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a function that is discontinuous at some points. In the functions usually encountered in mathematics, points of discontinuity are isolated, but there exist functions that are discontinuous at all points. An example is the Dirichlet function: f(x) = 0 if x is rational and f(x) = 1 if x is irrational.
The limit of a sequence of continuous functions that converges everywhere may be a discontinuous function. Such discontinuous functions are called functions of the first Baire class, after the French mathematician R. Baire, who provided a classification of discontinuous functions. Measurable discontinuous functions are an important class of discontinuous functions.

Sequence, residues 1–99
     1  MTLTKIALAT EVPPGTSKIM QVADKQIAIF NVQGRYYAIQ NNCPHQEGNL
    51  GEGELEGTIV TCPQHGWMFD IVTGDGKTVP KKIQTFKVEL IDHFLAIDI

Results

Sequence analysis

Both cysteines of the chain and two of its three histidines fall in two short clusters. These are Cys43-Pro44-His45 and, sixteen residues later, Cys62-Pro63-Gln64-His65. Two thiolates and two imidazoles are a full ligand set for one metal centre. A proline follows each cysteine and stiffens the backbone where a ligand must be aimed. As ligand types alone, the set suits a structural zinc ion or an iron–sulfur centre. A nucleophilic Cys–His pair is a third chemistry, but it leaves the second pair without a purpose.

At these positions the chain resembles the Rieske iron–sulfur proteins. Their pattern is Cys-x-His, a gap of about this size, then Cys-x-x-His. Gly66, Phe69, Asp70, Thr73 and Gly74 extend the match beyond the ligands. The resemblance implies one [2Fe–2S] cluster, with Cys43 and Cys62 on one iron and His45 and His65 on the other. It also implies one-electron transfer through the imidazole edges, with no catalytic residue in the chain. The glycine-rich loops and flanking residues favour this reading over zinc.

H. Lebesgue constructed a theory of the integration of discontinuous functions. N. N. Luzin showed that by changing the values of a measurable function on a set of arbitrarily small measure the function can be made continuous. If a function is monotonic, then it has only jump discontinuities. For functions of several variables, not only isolated points of discontinuity but also, for example, lines and surfaces of discontinuity must be considered.